We found the nucleus of a company forming with Lucius N. Finch and James Punderferd[?], two prominent business men as agents. We concluded to join and made arrangements to go over again soon and concluded the final formation of the company as a joint stock company under the organized name of “The New Haven and California Joint Stock Mining Co.” Seeming that John and myself were going to California, Mr. Henry Potter, after an interview with us, concluded to join with us in the enterprise. Arrangements were made to meet in New Haven on the 13th of February, expecting to sail the next day. Arriving at New Haven we found that the bark that we had bought in Philadelphia had not arrived. Potter returned to Saybrook to wait the arrival but John and I concluded to wait in New Haven. We waited about 3 days and then got a telegram from New York that the ship had met with an easterly snowstorm and had been forced to put in at Sandy Hook instead of coming in by Montauk Point as intended, the head of the Sound being obstructed by ice. They sent for a pilot and men to work the bark up to New Haven. Accordingly, John and I and the pilot went down on the Sound boat, the only boat that could beat through the heavy ice in the Sound.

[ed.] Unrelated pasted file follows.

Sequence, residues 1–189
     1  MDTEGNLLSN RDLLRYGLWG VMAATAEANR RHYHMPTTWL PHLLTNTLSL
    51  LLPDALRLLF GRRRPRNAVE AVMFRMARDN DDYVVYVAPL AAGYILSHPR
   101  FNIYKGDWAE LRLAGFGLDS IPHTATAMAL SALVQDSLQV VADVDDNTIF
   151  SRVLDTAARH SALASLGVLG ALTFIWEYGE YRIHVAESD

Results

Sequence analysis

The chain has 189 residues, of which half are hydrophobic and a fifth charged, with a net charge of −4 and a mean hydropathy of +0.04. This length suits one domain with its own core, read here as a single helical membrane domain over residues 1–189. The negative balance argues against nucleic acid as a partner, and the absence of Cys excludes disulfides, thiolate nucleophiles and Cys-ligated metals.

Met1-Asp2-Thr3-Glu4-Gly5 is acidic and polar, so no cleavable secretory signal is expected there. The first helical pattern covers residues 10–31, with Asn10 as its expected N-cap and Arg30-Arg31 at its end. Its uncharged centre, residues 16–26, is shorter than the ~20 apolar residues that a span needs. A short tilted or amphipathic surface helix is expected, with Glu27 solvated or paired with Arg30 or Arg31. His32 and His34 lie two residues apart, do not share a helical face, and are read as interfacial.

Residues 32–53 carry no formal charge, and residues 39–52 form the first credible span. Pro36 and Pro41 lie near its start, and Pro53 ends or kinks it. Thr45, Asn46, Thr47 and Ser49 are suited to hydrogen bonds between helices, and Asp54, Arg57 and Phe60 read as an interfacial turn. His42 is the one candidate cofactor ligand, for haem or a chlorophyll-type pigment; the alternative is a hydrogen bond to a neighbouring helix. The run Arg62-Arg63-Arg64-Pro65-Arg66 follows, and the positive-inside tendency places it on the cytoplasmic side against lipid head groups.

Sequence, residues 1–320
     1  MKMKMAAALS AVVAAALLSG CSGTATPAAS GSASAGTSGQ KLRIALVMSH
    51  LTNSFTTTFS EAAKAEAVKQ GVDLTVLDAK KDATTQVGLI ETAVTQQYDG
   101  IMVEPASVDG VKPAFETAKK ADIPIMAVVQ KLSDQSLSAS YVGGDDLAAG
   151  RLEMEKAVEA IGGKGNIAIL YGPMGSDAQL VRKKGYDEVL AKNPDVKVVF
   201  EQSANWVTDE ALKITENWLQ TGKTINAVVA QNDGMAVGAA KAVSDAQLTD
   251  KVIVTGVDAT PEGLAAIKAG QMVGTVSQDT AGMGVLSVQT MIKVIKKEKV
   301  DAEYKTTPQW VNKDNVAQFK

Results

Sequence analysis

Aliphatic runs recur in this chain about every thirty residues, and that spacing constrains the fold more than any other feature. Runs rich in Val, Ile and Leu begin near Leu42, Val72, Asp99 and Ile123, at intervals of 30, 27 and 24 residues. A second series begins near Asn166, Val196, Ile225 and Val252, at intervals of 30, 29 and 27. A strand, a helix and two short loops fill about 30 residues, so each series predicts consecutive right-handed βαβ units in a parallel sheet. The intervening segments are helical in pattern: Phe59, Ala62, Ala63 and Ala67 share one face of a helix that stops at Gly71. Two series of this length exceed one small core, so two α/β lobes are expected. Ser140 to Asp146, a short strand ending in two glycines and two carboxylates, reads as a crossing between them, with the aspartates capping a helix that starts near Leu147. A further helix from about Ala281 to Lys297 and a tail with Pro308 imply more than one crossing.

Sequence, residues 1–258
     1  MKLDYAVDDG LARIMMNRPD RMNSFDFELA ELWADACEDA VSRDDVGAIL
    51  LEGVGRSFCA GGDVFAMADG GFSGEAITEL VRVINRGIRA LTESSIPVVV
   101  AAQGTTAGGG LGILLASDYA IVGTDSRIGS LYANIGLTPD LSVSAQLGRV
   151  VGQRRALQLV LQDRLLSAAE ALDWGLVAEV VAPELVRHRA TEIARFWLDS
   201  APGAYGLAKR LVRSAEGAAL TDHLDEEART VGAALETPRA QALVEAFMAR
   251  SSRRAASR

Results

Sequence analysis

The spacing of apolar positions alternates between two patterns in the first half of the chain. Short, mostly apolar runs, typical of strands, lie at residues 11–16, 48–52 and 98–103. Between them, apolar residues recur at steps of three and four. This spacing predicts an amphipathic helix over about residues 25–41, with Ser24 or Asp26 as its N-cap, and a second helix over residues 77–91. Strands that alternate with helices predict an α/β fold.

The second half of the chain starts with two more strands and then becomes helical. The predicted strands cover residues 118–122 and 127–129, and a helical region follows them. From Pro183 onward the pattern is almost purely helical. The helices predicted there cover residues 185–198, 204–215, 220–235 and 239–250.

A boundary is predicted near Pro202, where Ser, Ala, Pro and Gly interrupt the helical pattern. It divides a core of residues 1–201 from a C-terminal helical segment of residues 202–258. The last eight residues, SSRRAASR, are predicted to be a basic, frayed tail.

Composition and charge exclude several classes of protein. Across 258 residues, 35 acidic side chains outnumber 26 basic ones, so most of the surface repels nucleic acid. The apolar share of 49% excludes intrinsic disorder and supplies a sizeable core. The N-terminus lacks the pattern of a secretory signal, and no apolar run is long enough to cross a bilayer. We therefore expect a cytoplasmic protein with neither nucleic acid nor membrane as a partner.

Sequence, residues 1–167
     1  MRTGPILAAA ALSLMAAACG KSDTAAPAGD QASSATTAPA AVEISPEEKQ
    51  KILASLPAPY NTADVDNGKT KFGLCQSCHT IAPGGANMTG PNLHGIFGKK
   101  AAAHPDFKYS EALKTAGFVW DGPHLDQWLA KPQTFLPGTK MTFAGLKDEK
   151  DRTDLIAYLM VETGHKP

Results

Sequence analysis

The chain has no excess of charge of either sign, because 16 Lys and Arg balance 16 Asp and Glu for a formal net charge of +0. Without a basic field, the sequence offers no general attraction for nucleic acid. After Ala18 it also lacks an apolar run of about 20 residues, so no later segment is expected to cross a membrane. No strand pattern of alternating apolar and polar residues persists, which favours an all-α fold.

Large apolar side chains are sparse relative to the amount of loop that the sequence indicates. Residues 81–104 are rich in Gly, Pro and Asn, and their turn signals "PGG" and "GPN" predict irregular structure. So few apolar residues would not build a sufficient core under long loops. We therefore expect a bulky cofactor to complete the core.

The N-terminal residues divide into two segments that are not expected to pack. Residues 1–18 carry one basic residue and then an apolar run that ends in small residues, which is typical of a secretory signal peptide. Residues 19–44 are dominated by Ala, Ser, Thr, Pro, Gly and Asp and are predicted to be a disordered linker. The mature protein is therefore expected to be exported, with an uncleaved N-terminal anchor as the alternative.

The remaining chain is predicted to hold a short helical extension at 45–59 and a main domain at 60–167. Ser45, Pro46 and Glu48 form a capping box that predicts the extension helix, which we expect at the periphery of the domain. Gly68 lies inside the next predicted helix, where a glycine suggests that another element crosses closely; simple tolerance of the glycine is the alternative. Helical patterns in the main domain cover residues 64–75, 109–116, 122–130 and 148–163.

We found at the Pier No. 4, East River, [New York] the bark Anna Reynolds. Captain and officers aboard, to-wit: John Bottom of Stonington, Master; first officer Alanson B. Webb of Orient [Long Island, New York]; second officer Joshua T. Nichols of Stonington. We wasted two days in New York, taking in stores, and then hired the big tug Sampson for $350 dollars to tow us up to New Haven. It took us from early morning till 10 o’clock at night to make the passage.

I was then put in charge of the ship … and took account of the cargo as it was delivered… . We had a house built on the deck which was as near to being the Black Hole of Calcutta as anything I ever knew of, for men to be forced to live in, and it gives me the horrors when I think of it. Its dimensions were 14’ by 20’ feet, with 18 double berths for 36 men to sleep in and live in. The rest stowed in the cabin, about 20, and 6 sailors in the forecastle. Other ships were about as badly overstowed. Still our crews lived to get there in the 255 days of our voyage. … The ship was stored solid full of stores of all kinds, calculated to last 2 years.

On the 12th of March, 1849, we were ready to sail. It had been blowing furiously from the N.W. for 5 days. On the morning of the 12th the wind still N.W. but not furious and I supposed we would sail by 8 or 9 o’clock, but in the crowd were many pious and timid Methodists and they got their city pastors, Dr. Floy and others and had to have prayers, singing and exhortations, which took till after eleven. Just as they were through with their devotions, the wind sprang up from the South and with the flood tide effectually suspended navigation out of the harbor.